EU antitrust regulators are set to beef up an investigation into Apple, triggered by Spotify, with new evidence but not new charges, in the hope of speeding up the case, people familiar with the matter said.
The European Commission last year told the iPhone maker that its App Store rules, which require developers to use its own in-app payment system and also prevent them from informing users of other purchasing options, distorts competition in the music streaming market.
Apple found itself in the European Commission’s crosshairs after Spotify had complained that the U.S. tech company unfairly restricted rivals to its own music streaming service Apple Music on iPhones.
The EU competition enforcer set out its charges in a so-called statement of objections or charge sheet.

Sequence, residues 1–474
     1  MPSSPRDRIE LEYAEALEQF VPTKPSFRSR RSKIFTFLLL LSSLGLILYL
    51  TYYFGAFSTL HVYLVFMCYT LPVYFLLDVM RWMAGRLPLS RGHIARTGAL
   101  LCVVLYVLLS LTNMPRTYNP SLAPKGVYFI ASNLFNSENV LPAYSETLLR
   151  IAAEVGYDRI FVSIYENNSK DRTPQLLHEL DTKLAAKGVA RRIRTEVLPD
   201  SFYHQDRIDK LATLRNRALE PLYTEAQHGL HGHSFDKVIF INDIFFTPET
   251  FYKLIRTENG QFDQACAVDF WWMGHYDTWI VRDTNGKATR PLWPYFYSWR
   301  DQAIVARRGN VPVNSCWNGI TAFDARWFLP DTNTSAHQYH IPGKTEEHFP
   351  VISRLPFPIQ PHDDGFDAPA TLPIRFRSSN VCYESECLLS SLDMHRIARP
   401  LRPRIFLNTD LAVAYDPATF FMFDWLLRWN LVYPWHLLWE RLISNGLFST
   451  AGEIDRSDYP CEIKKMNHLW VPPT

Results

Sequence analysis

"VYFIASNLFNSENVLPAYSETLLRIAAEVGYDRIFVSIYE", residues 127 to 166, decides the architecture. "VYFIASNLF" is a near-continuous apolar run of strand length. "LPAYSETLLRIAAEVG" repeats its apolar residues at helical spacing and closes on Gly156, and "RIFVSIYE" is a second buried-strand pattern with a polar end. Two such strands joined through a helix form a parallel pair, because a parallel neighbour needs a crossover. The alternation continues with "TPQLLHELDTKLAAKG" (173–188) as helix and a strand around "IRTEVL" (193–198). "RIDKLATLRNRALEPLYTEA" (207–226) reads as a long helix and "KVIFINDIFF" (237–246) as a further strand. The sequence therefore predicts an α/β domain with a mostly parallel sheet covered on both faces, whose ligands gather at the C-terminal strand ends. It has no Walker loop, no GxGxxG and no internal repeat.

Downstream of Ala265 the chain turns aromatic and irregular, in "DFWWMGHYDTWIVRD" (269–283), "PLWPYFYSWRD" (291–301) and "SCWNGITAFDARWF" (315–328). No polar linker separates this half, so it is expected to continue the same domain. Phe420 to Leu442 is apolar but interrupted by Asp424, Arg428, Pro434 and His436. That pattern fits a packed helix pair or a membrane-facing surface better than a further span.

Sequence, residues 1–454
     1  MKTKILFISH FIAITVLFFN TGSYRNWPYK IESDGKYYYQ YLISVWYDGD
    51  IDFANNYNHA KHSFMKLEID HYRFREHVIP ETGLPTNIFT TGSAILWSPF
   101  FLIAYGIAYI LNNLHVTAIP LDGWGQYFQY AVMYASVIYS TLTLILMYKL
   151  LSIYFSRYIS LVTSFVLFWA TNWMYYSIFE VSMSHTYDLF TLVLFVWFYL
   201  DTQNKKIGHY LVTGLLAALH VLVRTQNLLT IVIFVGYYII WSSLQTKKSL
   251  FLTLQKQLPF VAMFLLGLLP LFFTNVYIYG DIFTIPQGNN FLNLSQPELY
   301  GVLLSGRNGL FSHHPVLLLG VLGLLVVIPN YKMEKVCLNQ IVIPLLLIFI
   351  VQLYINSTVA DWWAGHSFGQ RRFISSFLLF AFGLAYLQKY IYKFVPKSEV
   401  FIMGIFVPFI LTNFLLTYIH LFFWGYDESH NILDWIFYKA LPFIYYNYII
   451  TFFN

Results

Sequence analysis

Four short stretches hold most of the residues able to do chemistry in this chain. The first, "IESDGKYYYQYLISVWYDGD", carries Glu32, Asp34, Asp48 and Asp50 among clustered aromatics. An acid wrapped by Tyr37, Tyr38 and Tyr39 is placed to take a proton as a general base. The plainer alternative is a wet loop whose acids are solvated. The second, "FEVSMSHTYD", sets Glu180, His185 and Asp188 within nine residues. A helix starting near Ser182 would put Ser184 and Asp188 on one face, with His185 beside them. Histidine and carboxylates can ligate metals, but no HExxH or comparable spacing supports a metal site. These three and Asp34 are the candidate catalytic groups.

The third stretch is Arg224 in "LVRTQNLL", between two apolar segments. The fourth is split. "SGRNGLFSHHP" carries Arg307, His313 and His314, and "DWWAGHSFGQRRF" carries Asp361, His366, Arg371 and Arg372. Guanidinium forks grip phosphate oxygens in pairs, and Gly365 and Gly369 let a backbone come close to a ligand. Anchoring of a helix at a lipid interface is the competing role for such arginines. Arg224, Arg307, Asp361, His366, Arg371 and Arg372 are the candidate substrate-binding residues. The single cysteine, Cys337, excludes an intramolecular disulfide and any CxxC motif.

The watchdog subsequently considered sending a supplementary statement of objections, a person familiar with the matter told Reuters earlier this year.
Such documents usually lay out new charges or changes to the original charges.
The Commission is now expected to send a letter of facts to Apple instead, other people familiar with the matter said, adding that there was no final decision yet.
A letter of fact typically contains new evidence reinforcing the original charges against companies which can then counter with a written submission.
The Commission declined to comment.
Apple, which risks a fine as much as 10% of its global turnover if found guilty of breaching EU antitrust rules, did not respond to emailed requests and phone calls for comment.
The company was hit with another EU antitrust charge in May related to its mobile payment system Apple Pay.
The alleged practices in both cases will be illegal under new EU tech rules known as the Digital Markets Act that will come into force next year with penalties as high as 10% of a company’s global turnover.